November was mostly about cleaning and cooking and squirrels. I had hoped to get the entire main floor of our house cleaned, but only got to the living room, dining room, and a bit of the bathroom. Oh well. The important thing is I’m making progress and I will continue (albeit not much in December which has its own agenda).
In between bouts of cleaning I read 11 books (4 each fiction and nonfiction, and 3 poetry). The standout fiction book was The Rosie Project, by Graeme Simsion: A socially challenged genetics professor develops a 30+ page questionnaire to help him find the perfect mate. This was a fun, witty book which made me laugh aloud several times. I didn’t want to put it down and finished it in two days. The standout nonfiction was The Art of Communicating, by Thich Nhat Hanh, a short book full of wisdom that I vowed to reread every year the moment I finished it.
I really ramped up the cooking in November. This surprised me because of the cleaning project. But it also pleased me because I feared I had lost my cooking genes, but apparently they were just dormant over the summer months. I made steel-cut oats, wild rice, and orzo, all for the first time. I also made my first chicken adobo (excellent) and brown rice and peas (horrible and bland). I made three more batches of applesauce (including a microwave recipe that was not one whit easier than doing it on the stovetop—and nor did it make the house smell as good!).
And now that we’re in root vegetable season (parsnips!) I’ve made a couple of batches of roasted vegetables (seasoned with pepper and rosemary). Last time we went to the co-op, I got a few turnips. I expect they will be a nice addition to the mix. And since winter is here (we had an extremely cold November), I made some red lentil soup (which was merely okay).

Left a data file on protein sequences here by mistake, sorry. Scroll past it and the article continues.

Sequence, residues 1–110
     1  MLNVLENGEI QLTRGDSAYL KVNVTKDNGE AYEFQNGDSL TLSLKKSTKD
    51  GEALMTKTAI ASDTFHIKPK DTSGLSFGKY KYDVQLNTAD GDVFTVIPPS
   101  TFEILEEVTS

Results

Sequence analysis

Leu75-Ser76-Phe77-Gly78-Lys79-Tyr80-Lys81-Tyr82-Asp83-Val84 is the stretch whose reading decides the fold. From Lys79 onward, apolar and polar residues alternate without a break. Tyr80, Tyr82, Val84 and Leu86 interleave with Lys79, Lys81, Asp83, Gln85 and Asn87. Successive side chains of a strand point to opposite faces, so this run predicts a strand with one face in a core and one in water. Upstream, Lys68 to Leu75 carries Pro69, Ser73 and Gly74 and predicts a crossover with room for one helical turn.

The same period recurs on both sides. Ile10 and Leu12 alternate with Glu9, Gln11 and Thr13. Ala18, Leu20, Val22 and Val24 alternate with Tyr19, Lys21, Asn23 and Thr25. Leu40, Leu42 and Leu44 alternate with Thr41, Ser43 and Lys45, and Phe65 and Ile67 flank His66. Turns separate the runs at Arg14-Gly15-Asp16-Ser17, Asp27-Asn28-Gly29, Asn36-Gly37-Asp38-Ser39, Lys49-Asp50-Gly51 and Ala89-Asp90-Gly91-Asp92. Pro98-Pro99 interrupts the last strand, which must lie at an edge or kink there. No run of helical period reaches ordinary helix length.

We were invited to a friend’s house for Thanksgiving. I was responsible for the corn pudding and the mashed potatoes. It was a fine meal, and I got to take home the turkey carcass (along with a lot of leftover turkey). So I made turkey stock and also a wild rice-turkey casserole which was kind of bland (but the cranberries I added were a fun occasional splash of tart).
In the herbal realm I was somewhat influenced by the cleaning project (sweet birch dust cloths, homemade air freshener), but also made some winter wellness tea (rosehips, elderberries, and star anise), cinnamon massage oil, a foot scrub, and I put up a couple of oils (thyme, chamomile, and elderberries; and ginger, chamomile, and clove) which should be ready to decant in a couple of weeks.
I’ve continued the haiku project (one haiku a day, which I send to a friend in Montana as a sort of record of the year), and the Obama weekly postcard project (I’ve now sent 24 postcards to the White House). I drafted another villanelle.
We trapped eight squirrels (they were in our walls) and there has been a blessed lack of scritching and scrabbling for the last two weeks. We got the lawn raked and the garden put to bed in the nick of time—snow fell the next day. Since I’m not a winter biker, I’ve adopted a winter regimen of yoga, weight lifting, and stretching. I do this with my neighbor, which is the only reason I do it at all. Otherwise I would just curl up in a chair and read all winter.
On a final note, we abandoned the Hitchcock project. It all started when I lost the list (highlighting the ones we had seen). A sign. I thought of how many Hitchcock movies I had returned to the library unseen. And then I noted that we had never returned a Katharine Hepburn movie unseen. So now instead of the Hitchcock project, we have the Hepburn project. Next up: The Lion in Winter.